October 26, 2014
The day the F1 pyramid scheme crashed: a rant.
F1, a pyramid scheme? Too harsh?
Maybe a little but in the last few years, the main concern of F1 has been to raise higher and higher revenue for main investors rather than for the sport. To prop up what has become a gargantuan and bloated system, it's been a constant adding of new venues in unlikely places and teams of questionable pedigree.
The Russian GP, it can be argued, was the epitome of where F1 now finds itself: a propaganda exercise for a dubious government on a dull, pointless track in a place, Sochi, that has as much to do with auto racing as it had to do with the Olympics, coincidentally another grand event less and less people seem to care about anymore.
As it turns out the Russian GP was the venue where you saw a team, Caterham, stop a car mid-race because they seemingly ran out of money and another, Marussia, only run one car because they really could not afford to run any cars but were in their home country so they had to do something.
Worse, Caterham lied about the reasons why they pulled
But as lousy at this looks, the best you could say it's that it was teams doing what they can to survive in a system that treats smaller teams as the filler they in fact are. F1 always had crap teams but those small teams once had a chance. Mclaren, Williams, Brabham, they all broke through because of their ingenuity and innovations.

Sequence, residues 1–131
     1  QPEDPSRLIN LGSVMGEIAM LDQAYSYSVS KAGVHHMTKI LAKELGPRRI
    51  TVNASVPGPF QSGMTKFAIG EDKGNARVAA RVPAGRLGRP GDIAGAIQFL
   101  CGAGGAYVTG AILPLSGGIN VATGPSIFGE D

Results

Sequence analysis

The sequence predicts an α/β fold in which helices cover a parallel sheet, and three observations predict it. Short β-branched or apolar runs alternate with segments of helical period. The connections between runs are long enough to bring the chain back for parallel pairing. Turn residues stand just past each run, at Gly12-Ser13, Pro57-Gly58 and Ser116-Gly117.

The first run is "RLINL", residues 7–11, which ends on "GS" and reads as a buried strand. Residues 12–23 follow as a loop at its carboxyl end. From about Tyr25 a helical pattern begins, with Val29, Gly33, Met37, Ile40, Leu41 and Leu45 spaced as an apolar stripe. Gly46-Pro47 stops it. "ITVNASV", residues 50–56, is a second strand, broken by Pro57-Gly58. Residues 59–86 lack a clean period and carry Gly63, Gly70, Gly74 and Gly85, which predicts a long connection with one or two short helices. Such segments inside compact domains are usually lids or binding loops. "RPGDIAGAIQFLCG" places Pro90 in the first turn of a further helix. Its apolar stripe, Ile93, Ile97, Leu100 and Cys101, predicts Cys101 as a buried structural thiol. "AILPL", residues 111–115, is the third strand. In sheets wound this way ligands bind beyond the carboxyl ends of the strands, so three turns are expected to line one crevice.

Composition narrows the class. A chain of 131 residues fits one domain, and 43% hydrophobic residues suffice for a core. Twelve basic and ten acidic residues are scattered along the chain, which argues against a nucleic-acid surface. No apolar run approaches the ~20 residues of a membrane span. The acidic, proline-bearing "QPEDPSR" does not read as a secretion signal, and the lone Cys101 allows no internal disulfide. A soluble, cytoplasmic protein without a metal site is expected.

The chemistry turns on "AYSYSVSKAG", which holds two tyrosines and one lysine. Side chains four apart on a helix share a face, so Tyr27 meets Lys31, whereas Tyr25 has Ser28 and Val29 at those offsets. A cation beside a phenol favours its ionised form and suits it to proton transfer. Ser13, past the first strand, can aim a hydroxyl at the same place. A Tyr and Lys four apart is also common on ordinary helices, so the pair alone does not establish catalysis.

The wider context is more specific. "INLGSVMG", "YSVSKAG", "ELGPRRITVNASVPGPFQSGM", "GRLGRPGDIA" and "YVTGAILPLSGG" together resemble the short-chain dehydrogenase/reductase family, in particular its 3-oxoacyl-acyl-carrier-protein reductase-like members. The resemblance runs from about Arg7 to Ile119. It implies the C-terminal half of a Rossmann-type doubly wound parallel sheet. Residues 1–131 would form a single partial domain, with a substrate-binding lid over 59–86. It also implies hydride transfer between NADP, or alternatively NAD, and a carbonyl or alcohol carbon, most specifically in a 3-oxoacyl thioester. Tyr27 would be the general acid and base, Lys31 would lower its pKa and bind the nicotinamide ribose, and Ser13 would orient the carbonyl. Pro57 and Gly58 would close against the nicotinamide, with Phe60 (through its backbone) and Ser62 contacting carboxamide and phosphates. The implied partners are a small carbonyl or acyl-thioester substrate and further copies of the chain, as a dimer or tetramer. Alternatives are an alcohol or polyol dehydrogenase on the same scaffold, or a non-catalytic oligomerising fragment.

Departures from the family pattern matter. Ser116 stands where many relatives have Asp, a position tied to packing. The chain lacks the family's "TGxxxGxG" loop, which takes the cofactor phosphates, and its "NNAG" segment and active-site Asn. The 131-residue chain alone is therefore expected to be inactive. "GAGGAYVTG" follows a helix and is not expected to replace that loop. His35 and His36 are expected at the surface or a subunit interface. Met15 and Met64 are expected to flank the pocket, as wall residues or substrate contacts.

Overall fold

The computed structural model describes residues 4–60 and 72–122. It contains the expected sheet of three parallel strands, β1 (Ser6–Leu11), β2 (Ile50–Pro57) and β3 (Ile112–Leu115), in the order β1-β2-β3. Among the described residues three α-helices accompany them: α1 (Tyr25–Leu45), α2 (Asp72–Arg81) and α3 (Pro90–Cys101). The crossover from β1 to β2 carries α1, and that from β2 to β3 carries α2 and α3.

That is unlikely to happen anymore, rules are more confining and the whole sport is designed to please the big auto manufacturers who now are essential for the survival of the sport. Mercedes, by some accounts, spent something like a half a billion dollars to get to where they are now, dominating the sport. After a couple of unspectacular years, they had made noises like they might lose interest, as Honda and Toyota before. Next thing you know, Lewis Hamilton moves from Mclaren with the intervention of Bernie Ecclestone and Mercedes gets "secret tests". Now, the Silver Arrows are dominating the sport, coincidence, I'm sure. The same will happen with Ferrari soon. and so on.
Of course, as it stands, F1 has to act this way. The sport needs big manufacturers to spend so that investor revenue expectations can be met. Meanwhile it squeezes race promoters in ways that make it a huge financial burden for fans to go see races live. When fans go, they are treated to a less than spectacular show. Fans wanted to see Hamilton, Alonso and Vettel fight it out, not a battle of two Mercedes drivers with cars anyone on the grid could drive to a podium finish.
Cars may be amazing technical achievements, almost as fast as the V8 but using 30% less fuel, but I guarantee nobody cares about that. I keep going back to that interview Alonso gave before Canada this year saying how these cars are boring, that you simply cannot push for more than two laps before you have to start saving fuel or tires or charge a battery. Granted, we all know Fernando, like any racing driver, would not be complaining nearly as much if the Ferrari F14T was a rocket but, is it right to have F1 be about conservation?
Ok, ok, I know, racing was always about managing resources, fuel, tires, brakes. but you felt that choice was in the driver's hands and that a heroic push was always possible. That's simply not so now.
I have followed F1 since I was a small child, longer than I care to admit at this point. I could be described as F1's biggest fan, it would not be a huge exaggeration. Yet, I'm losing interest. If F1 is losing the likes of me, it's in much bigger trouble than it admits.
/rant, your turn.